When bankers were good

view gallery VIEW GALLERY

Far from being socially useless, Victorian financiers campaigned to end slavery, built homes for the poor and saved fallen women. Emily Dugan finds modern-day parallels hard to come by

As Britain reels from a financial crisis largely blamed on the avarice and excesses of the banking industry, few can remember a time when the country's wealthiest financiers were also forces for good. But little more than a century ago, giving your fortune away was as laudable an achievement as acquiring it.

On Tuesday, Ian Hislop, the editor of the satirical magazine Private Eye, presents a BBC documentary looking at an age when the super-rich had consciences. In Victorian Britain, vast fortunes were amassed by bankers, but with the growth of personal wealth came a sense of philanthropic duty.

The programme will air on the same day that the High Pay Commission publishes the findings of a year-long inquiry into how senior figures in British business came to be paid astronomical sums. The commission's research will show increases of several thousand per cent in top pay over the past 30 years. Yet, unlike their Victorian predecessors, today's bankers appear mostly untroubled by their bumper salaries.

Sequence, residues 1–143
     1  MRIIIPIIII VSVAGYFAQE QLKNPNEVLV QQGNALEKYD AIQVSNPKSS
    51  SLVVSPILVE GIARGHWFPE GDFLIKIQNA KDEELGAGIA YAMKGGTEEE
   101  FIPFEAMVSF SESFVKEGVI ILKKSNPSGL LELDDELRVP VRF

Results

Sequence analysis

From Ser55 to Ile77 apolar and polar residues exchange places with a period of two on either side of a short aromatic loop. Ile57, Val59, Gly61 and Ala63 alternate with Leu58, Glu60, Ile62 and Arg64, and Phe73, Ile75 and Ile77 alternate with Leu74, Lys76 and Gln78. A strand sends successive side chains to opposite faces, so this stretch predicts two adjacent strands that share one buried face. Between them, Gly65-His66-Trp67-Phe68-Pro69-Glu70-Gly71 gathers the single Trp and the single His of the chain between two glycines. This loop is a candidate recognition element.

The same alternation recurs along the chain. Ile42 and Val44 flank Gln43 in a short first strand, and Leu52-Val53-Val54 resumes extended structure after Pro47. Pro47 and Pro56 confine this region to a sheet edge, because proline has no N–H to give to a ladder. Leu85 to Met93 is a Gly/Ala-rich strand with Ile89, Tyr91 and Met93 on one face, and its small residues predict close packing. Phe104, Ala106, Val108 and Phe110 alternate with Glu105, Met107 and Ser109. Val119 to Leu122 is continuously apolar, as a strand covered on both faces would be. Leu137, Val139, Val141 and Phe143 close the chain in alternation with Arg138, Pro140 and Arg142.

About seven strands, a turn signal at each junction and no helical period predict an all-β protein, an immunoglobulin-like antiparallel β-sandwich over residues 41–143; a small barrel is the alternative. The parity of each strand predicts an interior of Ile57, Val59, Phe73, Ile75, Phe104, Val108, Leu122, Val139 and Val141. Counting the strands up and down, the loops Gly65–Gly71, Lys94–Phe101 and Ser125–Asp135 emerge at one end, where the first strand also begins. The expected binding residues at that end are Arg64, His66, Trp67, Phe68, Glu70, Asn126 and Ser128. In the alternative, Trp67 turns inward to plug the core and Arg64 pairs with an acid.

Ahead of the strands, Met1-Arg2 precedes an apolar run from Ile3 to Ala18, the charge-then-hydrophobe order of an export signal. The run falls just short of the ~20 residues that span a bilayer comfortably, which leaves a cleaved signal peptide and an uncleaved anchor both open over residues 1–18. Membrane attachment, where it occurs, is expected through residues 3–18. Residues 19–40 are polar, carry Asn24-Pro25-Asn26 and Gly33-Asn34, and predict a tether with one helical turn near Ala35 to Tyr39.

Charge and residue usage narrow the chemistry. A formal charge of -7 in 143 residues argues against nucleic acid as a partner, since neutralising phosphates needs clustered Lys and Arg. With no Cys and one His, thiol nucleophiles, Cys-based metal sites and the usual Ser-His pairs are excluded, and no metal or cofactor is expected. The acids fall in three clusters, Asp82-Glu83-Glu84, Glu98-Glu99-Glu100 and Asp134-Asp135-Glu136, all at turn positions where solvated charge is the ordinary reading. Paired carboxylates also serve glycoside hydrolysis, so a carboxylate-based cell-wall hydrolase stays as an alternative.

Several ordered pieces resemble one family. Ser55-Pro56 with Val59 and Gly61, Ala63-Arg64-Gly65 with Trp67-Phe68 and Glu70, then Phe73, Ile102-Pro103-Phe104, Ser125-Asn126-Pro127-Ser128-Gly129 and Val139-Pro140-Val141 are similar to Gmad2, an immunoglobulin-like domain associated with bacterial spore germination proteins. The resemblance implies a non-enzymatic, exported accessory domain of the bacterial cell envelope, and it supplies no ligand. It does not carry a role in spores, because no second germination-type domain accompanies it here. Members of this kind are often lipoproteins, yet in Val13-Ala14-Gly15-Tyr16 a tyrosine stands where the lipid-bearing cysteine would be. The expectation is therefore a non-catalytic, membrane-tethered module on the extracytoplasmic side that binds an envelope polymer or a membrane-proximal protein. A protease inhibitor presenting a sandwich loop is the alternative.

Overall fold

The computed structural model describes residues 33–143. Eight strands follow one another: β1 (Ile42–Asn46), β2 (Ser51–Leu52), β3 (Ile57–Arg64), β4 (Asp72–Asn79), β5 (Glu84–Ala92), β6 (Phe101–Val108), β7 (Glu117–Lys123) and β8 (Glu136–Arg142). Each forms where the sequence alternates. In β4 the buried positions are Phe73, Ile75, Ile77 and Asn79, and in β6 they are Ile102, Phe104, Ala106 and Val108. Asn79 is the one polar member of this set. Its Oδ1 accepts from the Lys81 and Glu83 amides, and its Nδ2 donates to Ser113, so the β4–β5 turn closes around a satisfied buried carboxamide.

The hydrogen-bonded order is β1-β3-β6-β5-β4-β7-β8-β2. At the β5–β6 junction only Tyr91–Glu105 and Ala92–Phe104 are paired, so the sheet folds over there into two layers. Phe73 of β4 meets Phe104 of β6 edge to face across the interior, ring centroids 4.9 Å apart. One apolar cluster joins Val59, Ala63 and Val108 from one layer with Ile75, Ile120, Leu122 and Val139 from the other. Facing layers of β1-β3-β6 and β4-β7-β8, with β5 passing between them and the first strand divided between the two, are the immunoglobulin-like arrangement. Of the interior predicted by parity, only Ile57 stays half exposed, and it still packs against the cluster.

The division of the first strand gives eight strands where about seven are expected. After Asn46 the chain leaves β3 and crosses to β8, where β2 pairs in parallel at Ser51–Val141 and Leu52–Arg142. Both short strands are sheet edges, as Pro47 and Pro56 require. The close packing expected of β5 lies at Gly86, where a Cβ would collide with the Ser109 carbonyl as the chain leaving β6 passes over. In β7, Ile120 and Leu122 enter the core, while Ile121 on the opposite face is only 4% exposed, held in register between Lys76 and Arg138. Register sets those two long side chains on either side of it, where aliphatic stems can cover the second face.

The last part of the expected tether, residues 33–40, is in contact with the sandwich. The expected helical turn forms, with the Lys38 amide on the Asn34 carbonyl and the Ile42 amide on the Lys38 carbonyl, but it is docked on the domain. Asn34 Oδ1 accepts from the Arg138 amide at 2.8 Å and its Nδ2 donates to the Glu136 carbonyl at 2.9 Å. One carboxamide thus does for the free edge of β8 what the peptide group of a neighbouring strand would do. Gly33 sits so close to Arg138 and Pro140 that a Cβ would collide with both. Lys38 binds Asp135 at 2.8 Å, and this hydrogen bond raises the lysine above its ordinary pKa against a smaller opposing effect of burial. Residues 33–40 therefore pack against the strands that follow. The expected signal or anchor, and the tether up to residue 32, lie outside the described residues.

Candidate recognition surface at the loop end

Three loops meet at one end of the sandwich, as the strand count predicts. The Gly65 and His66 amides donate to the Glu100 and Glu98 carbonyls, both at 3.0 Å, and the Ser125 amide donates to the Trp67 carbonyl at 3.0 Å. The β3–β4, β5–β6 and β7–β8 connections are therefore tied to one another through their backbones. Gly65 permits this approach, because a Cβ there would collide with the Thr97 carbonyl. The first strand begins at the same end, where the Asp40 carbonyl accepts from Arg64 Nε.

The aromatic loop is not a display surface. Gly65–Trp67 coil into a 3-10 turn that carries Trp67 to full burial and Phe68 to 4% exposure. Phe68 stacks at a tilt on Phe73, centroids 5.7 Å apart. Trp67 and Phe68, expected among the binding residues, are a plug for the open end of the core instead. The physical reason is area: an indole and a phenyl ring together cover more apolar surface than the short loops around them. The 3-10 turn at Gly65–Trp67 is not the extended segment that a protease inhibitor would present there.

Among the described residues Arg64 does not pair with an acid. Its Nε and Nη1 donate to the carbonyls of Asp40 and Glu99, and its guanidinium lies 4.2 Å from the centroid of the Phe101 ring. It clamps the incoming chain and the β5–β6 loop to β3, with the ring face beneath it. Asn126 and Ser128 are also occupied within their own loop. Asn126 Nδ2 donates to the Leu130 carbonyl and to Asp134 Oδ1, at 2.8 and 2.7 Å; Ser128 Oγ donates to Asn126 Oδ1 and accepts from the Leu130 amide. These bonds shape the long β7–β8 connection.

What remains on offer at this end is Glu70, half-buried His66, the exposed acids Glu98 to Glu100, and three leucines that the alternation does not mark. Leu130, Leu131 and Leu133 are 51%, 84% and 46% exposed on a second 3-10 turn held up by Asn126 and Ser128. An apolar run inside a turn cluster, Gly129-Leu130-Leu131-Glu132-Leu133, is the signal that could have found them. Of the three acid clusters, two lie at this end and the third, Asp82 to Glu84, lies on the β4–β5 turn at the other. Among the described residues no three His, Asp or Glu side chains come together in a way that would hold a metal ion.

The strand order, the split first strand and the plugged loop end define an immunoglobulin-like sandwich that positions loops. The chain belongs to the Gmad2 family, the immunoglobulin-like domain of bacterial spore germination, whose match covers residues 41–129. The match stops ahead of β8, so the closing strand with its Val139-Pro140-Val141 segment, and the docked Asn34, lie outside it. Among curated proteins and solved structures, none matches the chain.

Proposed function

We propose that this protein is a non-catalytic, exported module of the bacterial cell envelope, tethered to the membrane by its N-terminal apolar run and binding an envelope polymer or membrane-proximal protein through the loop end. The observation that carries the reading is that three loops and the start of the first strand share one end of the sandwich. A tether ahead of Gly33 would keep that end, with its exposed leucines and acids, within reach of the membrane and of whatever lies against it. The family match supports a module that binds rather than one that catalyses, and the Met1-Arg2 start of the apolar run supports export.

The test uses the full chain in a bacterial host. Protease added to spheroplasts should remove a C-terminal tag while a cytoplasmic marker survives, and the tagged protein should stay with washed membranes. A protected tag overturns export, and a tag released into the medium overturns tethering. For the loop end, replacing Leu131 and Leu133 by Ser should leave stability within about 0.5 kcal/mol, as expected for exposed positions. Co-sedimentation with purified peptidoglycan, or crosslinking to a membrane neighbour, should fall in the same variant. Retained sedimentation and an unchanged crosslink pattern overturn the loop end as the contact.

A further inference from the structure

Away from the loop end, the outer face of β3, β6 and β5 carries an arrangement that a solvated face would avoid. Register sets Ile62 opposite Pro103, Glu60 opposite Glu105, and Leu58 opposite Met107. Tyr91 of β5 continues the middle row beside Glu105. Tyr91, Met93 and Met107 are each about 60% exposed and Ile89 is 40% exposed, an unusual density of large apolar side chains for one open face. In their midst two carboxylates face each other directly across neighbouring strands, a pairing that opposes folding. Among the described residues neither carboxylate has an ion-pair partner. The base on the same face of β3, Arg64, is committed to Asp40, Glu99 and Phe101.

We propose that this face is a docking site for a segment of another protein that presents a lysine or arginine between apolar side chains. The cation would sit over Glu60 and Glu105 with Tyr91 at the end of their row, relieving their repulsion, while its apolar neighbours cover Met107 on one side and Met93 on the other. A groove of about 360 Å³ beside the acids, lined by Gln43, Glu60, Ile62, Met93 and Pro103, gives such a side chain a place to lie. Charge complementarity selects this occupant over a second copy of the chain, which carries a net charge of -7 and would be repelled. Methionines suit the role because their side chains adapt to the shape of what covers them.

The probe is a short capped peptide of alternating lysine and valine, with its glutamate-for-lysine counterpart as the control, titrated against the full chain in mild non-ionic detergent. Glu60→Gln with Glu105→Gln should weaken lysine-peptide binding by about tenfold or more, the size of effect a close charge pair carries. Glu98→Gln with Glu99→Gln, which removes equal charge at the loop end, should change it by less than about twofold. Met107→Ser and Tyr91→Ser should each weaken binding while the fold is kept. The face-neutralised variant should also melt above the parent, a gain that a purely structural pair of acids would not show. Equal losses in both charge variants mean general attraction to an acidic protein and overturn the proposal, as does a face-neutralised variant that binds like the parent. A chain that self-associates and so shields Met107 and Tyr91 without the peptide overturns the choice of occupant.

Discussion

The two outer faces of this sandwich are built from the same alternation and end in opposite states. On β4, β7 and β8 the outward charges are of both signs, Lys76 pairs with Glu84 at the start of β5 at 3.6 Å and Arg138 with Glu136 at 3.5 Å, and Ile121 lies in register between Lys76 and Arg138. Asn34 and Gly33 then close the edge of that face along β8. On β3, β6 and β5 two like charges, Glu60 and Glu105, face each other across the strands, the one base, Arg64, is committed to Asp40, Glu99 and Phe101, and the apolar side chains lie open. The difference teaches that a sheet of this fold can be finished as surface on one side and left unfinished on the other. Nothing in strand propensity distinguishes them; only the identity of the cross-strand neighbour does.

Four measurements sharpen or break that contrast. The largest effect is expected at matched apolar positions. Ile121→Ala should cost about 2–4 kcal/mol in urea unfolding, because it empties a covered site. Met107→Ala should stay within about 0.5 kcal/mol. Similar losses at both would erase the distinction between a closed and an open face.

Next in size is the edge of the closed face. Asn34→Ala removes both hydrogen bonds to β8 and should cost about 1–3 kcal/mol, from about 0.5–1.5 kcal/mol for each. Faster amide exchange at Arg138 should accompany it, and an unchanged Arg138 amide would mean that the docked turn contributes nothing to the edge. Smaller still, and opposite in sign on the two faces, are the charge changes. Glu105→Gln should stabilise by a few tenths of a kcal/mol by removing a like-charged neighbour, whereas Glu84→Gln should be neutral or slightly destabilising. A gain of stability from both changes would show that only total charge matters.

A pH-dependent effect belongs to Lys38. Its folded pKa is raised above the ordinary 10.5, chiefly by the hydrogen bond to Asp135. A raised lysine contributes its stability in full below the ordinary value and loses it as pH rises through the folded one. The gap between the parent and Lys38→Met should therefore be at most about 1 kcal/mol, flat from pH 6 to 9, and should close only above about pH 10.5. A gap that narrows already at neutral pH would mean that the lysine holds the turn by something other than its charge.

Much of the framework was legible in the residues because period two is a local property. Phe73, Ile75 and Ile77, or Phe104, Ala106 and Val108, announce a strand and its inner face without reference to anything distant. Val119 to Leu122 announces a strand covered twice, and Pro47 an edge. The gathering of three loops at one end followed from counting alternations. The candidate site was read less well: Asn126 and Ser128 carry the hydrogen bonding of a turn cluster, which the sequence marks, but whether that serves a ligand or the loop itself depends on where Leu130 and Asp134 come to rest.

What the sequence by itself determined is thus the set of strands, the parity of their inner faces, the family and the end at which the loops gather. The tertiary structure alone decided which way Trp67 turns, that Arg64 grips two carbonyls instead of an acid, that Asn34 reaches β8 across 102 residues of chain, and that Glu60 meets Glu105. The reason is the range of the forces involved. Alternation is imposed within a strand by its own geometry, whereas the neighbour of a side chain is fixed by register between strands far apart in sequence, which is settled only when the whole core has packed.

The commission is expected to conclude that excessively high pay for the UK's top executives has been corrosive to the economy, to companies and to society as a whole, rewarding individuals for failure and undermining productivity and trust in British business.

The apparent lack of major social or philanthropic works paid for by today's financiers and chief executives is doing nothing to dispel this poor image. Here we examine the philanthropic legacy of five Victorian bankers, and look at their most high-profile modern counterparts.

'When Bankers Were Good' screens at 9pm this Tuesday on BBC 2

Honoured by royalty

Angela Burdett-Coutts

In 1837 Angela Burdett-Coutts became the wealthiest woman in London overnight when she inherited her banking grandfather's enormous fortune – a sum estimated at £600,000 (now £30m) in cash and an income of £50,000 a year.

With her pots of money and her love of small dogs, she could have been the Paris Hilton of her day. Instead she went on to become the greatest philanthropist of the Victorian age, in recognition of which she became the first woman to be made a peer. Her projects ranged from funding the bells for St Paul's Cathedral, to social housing, soup kitchens, lifeboats and "ragged" schools for destitute children. One of her earliest projects was to establish, with Charles Dickens, Urania Cottage – a home for women who wanted to escape "a life of immorality" as thieves and prostitutes. She also established the National Society for the Prevention of Cruelty to Children.